And so it is that I return to you, my bags stuffed with liters of whisky but my heart left in Scotland, following a pilgrimage I’ve wanted to make for the better part of a decade.

Visiting distilleries in Scotland isn’t difficult, but you’ll want to plan your trip carefully to make the most of your time there. With this post, I want to share some tips and advice if you decide to venture to see Scotland’s stills for yourself, along with commentary about each of the distilleries I visited.

For starters, unless you have a week or more to spend here and can cover multiple areas, you’ll want to pick a region to focus on. For some, Islay and its smoky malts is the place to be — and I’m told there’s really nothing else at all to do there except drink whisky. For others, its Speyside, which is where I spent four solid days.

Speyside is a great choice for visiting for a lot of reasons. First, some of the best whisky in the world is made here, so you’ll have endless opportunities to sample lovely malts. Second, the central location makes it relatively easy to get to. (Fly into Aberdeen, then drive about 80 minutes.) Third, and most importantly, Speyside boasts about half the distilleries in Scotland. From a base in Craigallechie, you’re about 15 miles from 40 or 50 distilleries, and more if you venture 25 or 30 miles away.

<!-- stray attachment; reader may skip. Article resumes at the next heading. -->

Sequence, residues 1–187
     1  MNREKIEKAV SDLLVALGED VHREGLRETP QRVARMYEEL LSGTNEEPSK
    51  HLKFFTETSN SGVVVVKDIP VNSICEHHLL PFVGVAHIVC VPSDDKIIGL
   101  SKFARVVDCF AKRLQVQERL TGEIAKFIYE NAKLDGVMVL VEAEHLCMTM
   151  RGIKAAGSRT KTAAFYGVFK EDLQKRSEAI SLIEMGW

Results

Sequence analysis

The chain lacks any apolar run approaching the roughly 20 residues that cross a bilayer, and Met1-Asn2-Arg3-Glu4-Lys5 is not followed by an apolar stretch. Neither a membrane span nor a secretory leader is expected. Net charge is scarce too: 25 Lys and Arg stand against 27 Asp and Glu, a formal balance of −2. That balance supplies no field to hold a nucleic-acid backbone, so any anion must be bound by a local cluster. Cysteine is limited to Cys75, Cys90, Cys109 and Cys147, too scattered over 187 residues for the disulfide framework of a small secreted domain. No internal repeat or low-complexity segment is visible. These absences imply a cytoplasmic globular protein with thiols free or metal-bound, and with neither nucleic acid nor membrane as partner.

Not all distilleries are open to visitors, so keep that in mind when planning your trip by researching them in advance, and many require you book in advance if you want a tour. Don’t overlook this step, as you don’t want to venture 5000 miles to Scotland only to find out that the tours for the week are all booked.

Lastly, and this is where I blew it a little, note that many if not most Scottish distilleries shut down for a month or two in the summer, usually starting in early July. This is called the “silent season,” and it’s a period when the distilleries are repaired, upgraded, cleaned, and otherwise worked on. The stills can’t operate during the silent season, so many are indeed very quiet. That’s not that big a deal — you’ve see one mash tun, you’ve seen ’em all — but the bigger problem is that with all that construction you often can’t even venture into the stillhouses or other parts of the distillery because they’re closed off as a safety precaution. Despite all that, July is still a heavy tourism month for Scotland and most everyone is still operating a tour of some kind even during the shutdown. Just bear in mind you might not see everything you could if you were there, say, in the middle of winter.